"There is undoubtedly a softening of attitudes towards immigration — even on the straightforward question of do you want the overall number of immigrants reduced," says Bobby Duffy, director of public policy at King's College London. "It's still around 4 in 10, but when we started asking this question it was around 8 in 10."
He says that despite common perceptions about Brexit, Britain has actually become more pro-immigration since 2016. "People have either realized that specific sectors are worse off, like health care or food distribution. Or they feel that the government has at least partly taken back control of migration by ending free movement from the EU and are more comfortable with it now."
This extends to asylum seekers and refugees. "The trend is increasingly in favor of taking in people fleeing danger. It's a very small group who thinks we should shut up the borders — and even within that are people who think we should make exceptions for Ukrainians, for example," says Katwala.
There is a better way, experts believe. "The Hong Kong BNO scheme is an interesting case study of what can happen if there is political will," says Sam Goodman, director of policy and advocacy at Hong Kong Watch.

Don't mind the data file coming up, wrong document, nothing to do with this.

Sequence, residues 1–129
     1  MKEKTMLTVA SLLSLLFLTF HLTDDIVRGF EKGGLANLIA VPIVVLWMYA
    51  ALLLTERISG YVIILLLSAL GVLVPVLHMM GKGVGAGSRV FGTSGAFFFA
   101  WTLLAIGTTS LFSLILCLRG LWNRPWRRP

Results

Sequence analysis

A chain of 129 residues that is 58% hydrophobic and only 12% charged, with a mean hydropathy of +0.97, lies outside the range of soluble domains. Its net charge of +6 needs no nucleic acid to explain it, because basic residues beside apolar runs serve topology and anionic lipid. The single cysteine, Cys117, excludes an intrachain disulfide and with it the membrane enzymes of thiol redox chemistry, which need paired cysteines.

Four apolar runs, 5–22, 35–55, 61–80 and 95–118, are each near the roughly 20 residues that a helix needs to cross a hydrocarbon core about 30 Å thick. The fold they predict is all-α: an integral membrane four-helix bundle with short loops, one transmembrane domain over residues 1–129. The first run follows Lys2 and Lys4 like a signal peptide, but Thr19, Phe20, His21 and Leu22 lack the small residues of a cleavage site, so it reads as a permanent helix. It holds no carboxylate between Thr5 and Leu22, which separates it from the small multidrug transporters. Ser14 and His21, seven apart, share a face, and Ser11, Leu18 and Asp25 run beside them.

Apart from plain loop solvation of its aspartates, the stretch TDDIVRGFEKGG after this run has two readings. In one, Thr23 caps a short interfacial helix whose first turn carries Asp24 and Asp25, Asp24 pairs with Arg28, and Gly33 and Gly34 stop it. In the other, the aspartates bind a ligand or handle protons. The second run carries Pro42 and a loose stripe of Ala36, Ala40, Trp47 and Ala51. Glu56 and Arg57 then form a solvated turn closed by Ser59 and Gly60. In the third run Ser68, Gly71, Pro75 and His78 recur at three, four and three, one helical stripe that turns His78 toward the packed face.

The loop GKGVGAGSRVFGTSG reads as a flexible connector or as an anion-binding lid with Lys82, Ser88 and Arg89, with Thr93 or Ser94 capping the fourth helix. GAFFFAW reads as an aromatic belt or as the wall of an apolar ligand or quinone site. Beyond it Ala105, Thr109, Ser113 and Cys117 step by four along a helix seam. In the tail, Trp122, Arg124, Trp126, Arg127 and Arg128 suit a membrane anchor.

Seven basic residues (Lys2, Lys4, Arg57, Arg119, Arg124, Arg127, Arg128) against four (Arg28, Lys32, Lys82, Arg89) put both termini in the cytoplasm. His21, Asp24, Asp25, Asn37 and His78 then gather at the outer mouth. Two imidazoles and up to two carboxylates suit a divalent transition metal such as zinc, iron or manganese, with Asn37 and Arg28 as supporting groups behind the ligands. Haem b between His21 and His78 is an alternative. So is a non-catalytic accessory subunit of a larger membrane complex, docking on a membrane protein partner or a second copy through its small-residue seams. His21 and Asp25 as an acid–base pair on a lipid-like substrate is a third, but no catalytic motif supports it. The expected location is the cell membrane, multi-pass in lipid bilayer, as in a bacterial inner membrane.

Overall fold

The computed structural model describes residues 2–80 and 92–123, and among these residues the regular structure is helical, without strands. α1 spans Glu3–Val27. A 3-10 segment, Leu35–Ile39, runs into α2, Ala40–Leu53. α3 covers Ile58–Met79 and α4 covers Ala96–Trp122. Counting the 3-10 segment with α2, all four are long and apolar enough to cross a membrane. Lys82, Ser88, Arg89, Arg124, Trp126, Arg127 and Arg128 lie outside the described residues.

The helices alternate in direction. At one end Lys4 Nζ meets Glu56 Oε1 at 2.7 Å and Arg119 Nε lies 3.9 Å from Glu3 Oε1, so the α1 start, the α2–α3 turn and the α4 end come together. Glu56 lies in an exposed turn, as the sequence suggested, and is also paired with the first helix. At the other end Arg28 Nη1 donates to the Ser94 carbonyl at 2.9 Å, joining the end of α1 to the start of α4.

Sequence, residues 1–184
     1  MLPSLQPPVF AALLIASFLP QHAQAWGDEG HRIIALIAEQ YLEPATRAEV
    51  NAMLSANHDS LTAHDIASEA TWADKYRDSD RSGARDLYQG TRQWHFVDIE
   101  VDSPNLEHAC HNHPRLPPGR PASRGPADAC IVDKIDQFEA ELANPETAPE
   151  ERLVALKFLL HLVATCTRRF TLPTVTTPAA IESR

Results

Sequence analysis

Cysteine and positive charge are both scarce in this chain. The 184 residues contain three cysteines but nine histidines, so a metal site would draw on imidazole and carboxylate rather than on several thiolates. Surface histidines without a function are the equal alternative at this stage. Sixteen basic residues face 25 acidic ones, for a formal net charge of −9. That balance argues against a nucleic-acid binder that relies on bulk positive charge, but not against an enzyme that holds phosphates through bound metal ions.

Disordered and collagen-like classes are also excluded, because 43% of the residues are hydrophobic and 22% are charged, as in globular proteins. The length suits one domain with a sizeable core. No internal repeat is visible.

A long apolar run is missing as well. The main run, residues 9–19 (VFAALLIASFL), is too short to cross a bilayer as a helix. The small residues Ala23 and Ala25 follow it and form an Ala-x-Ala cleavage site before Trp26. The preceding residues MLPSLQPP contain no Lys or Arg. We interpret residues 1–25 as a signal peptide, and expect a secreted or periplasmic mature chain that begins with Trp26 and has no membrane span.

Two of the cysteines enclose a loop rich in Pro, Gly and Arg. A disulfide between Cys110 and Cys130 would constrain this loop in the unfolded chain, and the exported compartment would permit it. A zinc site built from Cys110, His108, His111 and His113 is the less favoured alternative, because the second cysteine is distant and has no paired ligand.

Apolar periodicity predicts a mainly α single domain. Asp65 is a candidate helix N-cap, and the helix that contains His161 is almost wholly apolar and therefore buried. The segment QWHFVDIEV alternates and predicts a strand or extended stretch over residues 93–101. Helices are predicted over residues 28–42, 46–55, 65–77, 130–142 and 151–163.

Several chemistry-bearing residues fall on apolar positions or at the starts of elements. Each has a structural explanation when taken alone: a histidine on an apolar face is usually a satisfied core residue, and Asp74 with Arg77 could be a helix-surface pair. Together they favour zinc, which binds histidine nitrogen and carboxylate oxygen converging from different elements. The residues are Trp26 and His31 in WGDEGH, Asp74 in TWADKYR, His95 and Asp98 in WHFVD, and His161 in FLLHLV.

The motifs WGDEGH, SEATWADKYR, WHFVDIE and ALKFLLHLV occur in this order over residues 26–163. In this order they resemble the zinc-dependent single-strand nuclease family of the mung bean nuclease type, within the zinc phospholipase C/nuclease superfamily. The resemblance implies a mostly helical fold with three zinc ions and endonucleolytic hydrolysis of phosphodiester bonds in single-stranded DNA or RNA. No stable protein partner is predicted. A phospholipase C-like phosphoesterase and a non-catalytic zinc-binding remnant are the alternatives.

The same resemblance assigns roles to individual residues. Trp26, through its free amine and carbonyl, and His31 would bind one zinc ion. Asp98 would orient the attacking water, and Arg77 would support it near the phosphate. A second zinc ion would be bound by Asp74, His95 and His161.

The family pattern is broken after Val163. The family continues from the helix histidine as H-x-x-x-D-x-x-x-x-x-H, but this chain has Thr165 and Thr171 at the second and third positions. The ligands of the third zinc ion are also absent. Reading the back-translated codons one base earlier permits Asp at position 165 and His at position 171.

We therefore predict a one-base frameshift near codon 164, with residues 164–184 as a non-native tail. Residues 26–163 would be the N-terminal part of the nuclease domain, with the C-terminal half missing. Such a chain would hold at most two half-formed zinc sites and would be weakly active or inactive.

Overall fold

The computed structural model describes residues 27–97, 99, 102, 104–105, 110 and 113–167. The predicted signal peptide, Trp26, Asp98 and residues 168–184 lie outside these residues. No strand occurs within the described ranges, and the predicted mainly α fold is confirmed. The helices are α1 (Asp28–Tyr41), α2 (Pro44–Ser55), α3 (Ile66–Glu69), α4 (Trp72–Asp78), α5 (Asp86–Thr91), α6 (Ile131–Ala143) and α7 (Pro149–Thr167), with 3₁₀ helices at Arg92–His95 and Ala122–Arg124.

"There are 12 welcome centers across the country and a really good support package which costs relatively little, including help with English language. And most importantly they just didn't politicize it. All this has meant that 144,000 Hong Kongers have come here with little to no fuss, integrated quickly and there have been minimal issues," Goodman adds.
Whether the government is playing cynical politics or thinks this really is the best course of action, consensus is that even if the bill passes, it won't do much to stop boats coming. And that ultimately means more people jammed up in a backlogged system that is barely functioning and, tragically, more people drowning at sea.